When I look back at the first search, I found it tough to make the argument that I could do the jobs I was applying for. During the second search, I only applied for staff positions at universities, and I found it much easier to make the claim that I could do the job. Notably, both of these searches happened during two different recessions.

Don’t Quit Your Search

I became a career counselor for graduate students early in 2008 during a recession. Late that year, many universities, including mine, instigated a hiring freeze. For the next two years, as I helped students to start their careers, the hiring landscape looked bleak. And it didn’t help that “the experts” were telling people to give up. The news media continually reported on the high unemployment rate, the large number of job seekers, the scarcity of jobs and the feeling that no one would ever get a job again.

In the face of the current pandemic, we are receiving similar messages. And I recently heard someone who teaches career planning suggest that job/internship seekers should give up until this is over. I strongly disagree. Even if you take a brief hiatus from applying for positions, you can still pursue activities that move you closer to your career goals.

Giving up ensures you won’t find a position, but if you keep looking and use more creative search tactics, you might find something. Even if you don’t, you’ll have developed a network and demonstrated to people that you are resilient, and you will be well prepared for when hiring begins again. Spend time thinking about all the things you can do, the skills you’re learning in graduate school, the projects you’ve completed and the contributions you can make to society. Connect with others who have been through tough economic times before and seek their perspective. Look at this situation as a problem in search of a solution and become the problem solver. Make sure all the things you say about your career search and planning are positive.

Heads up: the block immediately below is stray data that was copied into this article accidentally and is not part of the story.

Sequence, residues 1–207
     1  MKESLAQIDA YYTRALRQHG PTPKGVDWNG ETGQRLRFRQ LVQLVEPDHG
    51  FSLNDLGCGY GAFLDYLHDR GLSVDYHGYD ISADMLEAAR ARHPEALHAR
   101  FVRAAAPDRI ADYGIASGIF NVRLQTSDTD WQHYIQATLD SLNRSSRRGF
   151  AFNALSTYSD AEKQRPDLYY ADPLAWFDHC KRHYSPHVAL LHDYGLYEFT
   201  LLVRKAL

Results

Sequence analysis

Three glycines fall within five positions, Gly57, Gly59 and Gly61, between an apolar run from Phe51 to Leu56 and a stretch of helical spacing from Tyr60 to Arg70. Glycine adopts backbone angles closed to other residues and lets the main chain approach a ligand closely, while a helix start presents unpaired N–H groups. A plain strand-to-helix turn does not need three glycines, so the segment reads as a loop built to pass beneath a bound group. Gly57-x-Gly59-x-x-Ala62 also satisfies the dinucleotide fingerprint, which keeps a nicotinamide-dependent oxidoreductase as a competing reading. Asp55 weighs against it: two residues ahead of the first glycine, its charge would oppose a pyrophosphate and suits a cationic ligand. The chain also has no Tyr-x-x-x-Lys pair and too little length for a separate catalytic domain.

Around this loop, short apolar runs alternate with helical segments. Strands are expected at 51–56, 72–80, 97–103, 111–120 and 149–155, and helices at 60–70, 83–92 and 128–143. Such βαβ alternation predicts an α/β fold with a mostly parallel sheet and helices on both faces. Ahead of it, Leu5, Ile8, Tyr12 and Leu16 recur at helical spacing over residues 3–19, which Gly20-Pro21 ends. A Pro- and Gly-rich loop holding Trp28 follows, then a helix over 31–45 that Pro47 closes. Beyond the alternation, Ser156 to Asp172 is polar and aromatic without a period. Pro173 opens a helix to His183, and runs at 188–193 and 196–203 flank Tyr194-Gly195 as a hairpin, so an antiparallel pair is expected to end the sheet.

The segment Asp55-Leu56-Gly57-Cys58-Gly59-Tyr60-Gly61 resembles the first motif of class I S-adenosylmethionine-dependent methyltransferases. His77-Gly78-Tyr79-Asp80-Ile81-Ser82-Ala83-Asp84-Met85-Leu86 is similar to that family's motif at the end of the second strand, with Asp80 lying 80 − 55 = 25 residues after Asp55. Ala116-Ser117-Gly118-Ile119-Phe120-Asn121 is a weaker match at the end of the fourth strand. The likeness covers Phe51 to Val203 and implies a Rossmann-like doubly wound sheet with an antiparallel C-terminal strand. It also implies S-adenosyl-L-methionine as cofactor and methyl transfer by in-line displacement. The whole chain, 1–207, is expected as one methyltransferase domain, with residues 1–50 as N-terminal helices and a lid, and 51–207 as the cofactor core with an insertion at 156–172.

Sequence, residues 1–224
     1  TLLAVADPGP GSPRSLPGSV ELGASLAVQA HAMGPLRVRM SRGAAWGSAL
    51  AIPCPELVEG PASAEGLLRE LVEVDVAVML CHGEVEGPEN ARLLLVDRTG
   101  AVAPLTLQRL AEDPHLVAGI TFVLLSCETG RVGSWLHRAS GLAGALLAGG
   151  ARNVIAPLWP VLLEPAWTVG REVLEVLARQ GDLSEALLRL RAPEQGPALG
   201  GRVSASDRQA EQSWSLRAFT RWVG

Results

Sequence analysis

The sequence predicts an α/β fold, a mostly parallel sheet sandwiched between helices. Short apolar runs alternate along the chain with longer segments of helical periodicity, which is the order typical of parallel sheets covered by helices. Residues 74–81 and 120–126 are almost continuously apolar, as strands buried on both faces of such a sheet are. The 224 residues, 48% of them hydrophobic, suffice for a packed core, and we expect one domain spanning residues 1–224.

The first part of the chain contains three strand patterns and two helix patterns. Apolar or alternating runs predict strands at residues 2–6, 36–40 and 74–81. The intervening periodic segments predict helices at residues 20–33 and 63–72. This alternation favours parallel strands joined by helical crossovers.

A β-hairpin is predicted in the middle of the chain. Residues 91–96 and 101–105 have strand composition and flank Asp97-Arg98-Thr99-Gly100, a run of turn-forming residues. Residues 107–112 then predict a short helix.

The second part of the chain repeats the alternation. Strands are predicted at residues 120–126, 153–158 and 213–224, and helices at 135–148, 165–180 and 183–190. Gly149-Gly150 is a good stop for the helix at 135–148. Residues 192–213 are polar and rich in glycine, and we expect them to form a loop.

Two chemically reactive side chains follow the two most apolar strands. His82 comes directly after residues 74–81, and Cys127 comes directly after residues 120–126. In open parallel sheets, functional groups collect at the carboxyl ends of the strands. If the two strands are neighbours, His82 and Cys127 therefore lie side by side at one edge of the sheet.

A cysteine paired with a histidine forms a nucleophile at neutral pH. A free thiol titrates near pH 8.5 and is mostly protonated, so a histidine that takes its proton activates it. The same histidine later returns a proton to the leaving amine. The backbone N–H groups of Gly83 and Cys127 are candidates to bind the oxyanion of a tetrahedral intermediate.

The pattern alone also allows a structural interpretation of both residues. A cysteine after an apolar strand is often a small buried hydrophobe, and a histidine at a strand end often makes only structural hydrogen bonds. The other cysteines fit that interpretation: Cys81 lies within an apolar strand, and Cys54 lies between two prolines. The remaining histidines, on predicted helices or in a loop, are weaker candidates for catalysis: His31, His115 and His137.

Remember, you can’t change the circumstances of the pandemic, but you can change the way you look at it, talk about it and experience it. Look for ways to be positive in the face of the negative. Building that skill will come in handy throughout your career.

Also, now is the time to be bold in your approach. If you have been applying only for posted jobs, you are missing out on a lot of opportunity. Connect with other people in the career you want to enter. I recently worked with a student who wanted to enter a career path when he didn’t have the expected qualifications. He talked to many people to learn how he could promote himself for the job he wanted, and after several months, he was able to get an interview and an offer.

Since you’ll have to do this virtually, as an added bonus, you’ll improve your video interview skills that will help you land the job. And, maybe through one of those connections, you’ll learn about a problem a company is facing that you have the skills to help solve. Or you can propose a project you can do in collaboration with someone in the industry you want to enter. Your ask might not always result in a yes, but you’ll never know if you don’t try.

This pandemic will give birth to new industries and new career paths, and you have an opportunity to be one of the innovators who helps forge new paths. In fact, right now, companies that help people work remotely are seeing a surge in hiring. Zoom, the platform many use to meet with students and colleagues remotely, is seeing huge growth as people use it in industry as well as to keep in touch with friends and family.

So push forward into this brave new world. But don’t do it alone. Reach out to the career development professionals at your institution and strategize with them on how you can make a career plan that you can adapt and adjust as needed.

Bio

Christine Kelly is director of the career development office at Claremont Graduate University and a member of the Graduate Career Consortium -- an organization providing an international voice for graduate-level career and professional development leaders.